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|Scale ratio||ca. 1:22.5|
|Model gauge||64 mm (2 17⁄32 in)
later: 50.8 mm (2 in)
|Prototype gauge||1,435 mm (4 ft 8 1⁄2 in) standard gauge|
2 gauge (also called II gauge) is a model railway gauge originally 64 mm (2 17⁄32 in), then standardised in 1909 at 2 in (50.8 mm), a 20% reduction and a change in definition: from mm to inch. It has since fallen into disuse. The gauge was introduced by Märklin at the Leipzig toy fair in 1891. 2 gauge was equivalent to a 1:22.5 scale.
Related scales and gauges
After the change to 2 in (50.8 mm) in 1909, 63 mm (2 15⁄32 in)/64 mm (2 17⁄32 in) gauge was standardised as gauge 3.
The European G gauge trains are built to the same 2 gauge scale, but with a slightly different rail gauge of 45 mm (1.772 in) (the same as 1 gauge). This G gauge is the 1:22.5 equivalent of 1,000 mm (3 ft 3 3⁄8 in) metre gauge gauge in modern railroads. As a result, the scale-gauge combination is sometimes called IIm in European literature.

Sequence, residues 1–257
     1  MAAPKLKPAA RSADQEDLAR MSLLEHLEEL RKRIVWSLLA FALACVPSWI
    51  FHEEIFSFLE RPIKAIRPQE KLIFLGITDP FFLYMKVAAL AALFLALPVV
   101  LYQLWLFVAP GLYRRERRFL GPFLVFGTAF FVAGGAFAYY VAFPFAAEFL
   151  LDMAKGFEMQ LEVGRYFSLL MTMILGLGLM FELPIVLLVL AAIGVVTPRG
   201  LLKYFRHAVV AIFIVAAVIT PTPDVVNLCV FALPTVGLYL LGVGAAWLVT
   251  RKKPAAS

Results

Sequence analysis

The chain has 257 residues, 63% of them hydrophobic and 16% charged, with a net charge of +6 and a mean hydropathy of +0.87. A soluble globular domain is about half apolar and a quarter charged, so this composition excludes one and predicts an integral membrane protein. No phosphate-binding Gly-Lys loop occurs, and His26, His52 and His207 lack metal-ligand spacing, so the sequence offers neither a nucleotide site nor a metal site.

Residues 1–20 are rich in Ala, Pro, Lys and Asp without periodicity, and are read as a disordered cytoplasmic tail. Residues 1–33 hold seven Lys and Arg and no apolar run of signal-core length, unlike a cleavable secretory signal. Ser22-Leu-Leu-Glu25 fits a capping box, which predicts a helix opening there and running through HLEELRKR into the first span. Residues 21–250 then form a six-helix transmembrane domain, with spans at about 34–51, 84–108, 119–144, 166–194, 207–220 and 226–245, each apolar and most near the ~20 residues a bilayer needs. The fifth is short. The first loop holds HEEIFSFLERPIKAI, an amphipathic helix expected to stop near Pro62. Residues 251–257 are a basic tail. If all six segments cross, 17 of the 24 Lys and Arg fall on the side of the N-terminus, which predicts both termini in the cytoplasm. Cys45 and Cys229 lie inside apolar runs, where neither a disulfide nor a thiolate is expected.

In the UK, No 2 Gauge was 2 in (50.8 mm) while No 3 gauge was 2 1⁄2 in (63.5 mm). From this, it follows that G gauge is sometimes, albeit rarely, referred to as 3m. A 2 in (50.8 mm) gauge of standard gauge locos gives a scale of 1:28.25, not so far off the 1/29 used by some manufactures with 45 mm (1.772 in) gauge track. In the grand tradition of model rail gauges often being narrower than the full scale equivalent (00 scale being the classic example) this is deemed perfectly acceptable.
Model Railways and Locomotives Magazine Vol. 1 No 8 August 1909
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